What is this blog all about? Now that we are posting regularly – and starting to get feedback (thanks, Mom!) – it’s a good time to take stock.
The purpose of this blog is, first and foremost, outreach. We at AACI want to reach you, the English-speaking oleh chadash, or vatik, or just-passing-through-town-er. We’d like to inspire you to visit our wonderful huge new Max & Gianna Glassman Center, to find something that you need. And we offer a lot of somethings! Counseling of many kinds, on aliyah, klitah, employment and financial and legal issues; libraries with an abundance of English-language materials, including large-print books, videos and DVDs; senior outreach; a lively ulpan; exercise classes; art exhibits; children’s programs; and much more. You’ll find it all, served up with a smile.
So this blog, we hope, will give you a taste of AACI-style helpfulness. You’ll find writing about concerns of English speakers living in Israel today, a touch of humor, some gentle advice and, of course, information about upcoming an ongoing AACI programs.
I was thinking about the holiday of Shavuot, which will be celebrated this coming Sunday – by eating cheesecake and other dairy foods, among various customs – and trying to make a connection to the blog. “Quite a stretch, even for my sometimes quirky way of thinking,” I told myself. But suddenly it came to me. Shavuot stars the Biblical heroine, Ruth, who left a position of wealth and privilege to make her home inIsrael. Just as she needed friendship and a helping hand to navigate life in a strange new land, so do we. And AACI offers that to all of us. Beyond the counseling and the programs, what I enjoy most about coming to the AACI office is the atmosphere of friendliness. We are all in the same boat, navigating a strange and sometimes hard-to-understand new society. Once in a while, we all need that smile and that helping hand.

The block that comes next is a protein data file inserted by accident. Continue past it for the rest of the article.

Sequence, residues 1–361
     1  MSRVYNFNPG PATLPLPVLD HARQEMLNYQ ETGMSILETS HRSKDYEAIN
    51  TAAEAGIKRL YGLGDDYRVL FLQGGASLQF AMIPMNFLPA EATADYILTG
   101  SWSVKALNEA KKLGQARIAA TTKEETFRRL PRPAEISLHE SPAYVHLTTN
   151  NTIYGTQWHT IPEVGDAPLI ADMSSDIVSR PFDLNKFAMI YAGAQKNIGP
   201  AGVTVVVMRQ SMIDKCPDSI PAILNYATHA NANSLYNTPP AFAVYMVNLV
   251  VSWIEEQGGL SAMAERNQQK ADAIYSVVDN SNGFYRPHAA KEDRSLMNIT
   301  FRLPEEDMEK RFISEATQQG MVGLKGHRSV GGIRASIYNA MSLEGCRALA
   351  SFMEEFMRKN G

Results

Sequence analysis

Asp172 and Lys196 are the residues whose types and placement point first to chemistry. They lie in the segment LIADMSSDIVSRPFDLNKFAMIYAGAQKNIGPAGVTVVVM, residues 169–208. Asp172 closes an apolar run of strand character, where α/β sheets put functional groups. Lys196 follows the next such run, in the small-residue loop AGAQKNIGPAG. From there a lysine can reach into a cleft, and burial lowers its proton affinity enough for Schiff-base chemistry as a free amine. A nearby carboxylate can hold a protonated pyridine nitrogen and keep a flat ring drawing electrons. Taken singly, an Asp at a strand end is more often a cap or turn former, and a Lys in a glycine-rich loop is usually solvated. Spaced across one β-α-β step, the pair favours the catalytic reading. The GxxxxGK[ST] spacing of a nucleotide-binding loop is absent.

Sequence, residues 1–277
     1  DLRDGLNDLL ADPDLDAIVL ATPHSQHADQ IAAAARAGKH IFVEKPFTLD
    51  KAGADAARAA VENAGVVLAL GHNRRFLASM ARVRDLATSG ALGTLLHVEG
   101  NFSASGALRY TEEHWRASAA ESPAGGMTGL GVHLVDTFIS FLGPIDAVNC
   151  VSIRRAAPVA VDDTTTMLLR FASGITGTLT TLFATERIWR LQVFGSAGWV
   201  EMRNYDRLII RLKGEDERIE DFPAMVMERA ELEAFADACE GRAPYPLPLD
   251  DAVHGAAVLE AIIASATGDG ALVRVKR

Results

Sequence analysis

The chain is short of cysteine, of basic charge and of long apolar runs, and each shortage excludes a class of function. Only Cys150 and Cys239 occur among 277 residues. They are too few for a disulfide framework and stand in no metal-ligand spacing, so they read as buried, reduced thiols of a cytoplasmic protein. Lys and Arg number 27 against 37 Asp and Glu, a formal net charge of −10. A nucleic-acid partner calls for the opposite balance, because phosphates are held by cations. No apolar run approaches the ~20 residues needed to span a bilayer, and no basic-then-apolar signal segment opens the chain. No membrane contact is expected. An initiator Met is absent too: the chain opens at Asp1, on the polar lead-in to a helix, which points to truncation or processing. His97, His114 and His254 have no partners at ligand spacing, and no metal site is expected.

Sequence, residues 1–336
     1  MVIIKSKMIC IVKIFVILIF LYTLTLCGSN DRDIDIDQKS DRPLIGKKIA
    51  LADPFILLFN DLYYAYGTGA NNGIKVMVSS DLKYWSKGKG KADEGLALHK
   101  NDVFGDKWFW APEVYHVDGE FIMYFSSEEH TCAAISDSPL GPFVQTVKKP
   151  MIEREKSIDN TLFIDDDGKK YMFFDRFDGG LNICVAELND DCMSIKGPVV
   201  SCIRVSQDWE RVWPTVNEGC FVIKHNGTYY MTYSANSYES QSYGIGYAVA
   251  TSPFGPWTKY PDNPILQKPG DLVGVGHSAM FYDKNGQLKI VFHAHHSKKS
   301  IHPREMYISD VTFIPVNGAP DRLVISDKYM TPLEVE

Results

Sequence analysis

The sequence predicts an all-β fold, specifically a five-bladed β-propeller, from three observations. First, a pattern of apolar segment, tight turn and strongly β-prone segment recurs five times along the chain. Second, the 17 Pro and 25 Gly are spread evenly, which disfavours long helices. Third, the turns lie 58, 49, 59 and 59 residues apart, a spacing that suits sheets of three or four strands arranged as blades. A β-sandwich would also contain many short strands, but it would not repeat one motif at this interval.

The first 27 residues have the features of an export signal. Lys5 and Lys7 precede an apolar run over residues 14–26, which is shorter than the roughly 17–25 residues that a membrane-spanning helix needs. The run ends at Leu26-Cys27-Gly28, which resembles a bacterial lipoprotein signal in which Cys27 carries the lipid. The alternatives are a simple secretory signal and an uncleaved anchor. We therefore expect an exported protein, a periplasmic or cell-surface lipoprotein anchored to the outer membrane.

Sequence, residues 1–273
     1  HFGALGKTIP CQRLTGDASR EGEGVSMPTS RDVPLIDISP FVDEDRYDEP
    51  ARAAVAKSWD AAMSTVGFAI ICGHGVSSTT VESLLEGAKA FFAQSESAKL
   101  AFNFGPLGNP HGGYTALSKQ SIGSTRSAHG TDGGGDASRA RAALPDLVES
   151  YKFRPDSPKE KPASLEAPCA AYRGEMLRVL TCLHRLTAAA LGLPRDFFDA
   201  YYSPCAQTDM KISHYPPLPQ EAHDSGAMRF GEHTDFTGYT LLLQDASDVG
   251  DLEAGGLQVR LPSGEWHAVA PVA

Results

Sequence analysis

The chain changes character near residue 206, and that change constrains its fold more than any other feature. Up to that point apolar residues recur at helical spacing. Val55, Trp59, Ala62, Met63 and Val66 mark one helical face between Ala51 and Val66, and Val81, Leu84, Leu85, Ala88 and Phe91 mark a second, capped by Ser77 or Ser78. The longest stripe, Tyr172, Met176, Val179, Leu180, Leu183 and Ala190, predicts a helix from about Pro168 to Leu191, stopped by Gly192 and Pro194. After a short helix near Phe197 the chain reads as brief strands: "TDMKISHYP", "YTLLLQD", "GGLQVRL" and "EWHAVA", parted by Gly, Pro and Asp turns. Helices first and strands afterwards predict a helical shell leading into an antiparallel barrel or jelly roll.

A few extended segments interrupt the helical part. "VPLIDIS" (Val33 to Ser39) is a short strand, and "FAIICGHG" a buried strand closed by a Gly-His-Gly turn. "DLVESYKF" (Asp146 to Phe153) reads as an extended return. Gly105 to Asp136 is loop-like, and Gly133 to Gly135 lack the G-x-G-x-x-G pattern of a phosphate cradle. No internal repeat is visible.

And I’ll leave you with my Shavuot/confused new olah story: My elder son was two years old when we came to Israel. We enjoyed our first Shavuot celebration very much, and the next day I walked him to his gan. Much to our surprise, the building was empty and locked. A passing neighbor exclaimed, “Oh, don’t you know? Of course there’s no school on isru chag!” No, I didn’t know … so I had to quickly cancel my plans, and we ended up spending the morning at the park.
Chag sameach and see you soon at AACI!
NOTE: This is our blog, which means it is also your blog. Your comments, suggestions for topics, and submissions for future posts are welcome. Please contact us.
oleh chadash new immigrant
aliyah immigration to Israel
klitah adjustment to life in Israel
ulpan Hebrew class
Shavuot commemorates the giving of the Torah, also associated with the Book of Ruth, also sometimes called the Festival of Weeks (Shavuot translates to weeks)
olah immigrant (FEMALE)
isru chag the day after a holiday, and outside of Israel, it is still chag because outside of Israel, an extra day is observed (but that is another story)
chag sameach happy holiday
Buses # 21 & 49 stop on Pierre Koenig across from AACI; 71, 72, 74 & 75 stop at Tzomet Habankim, a 10-minute walk away.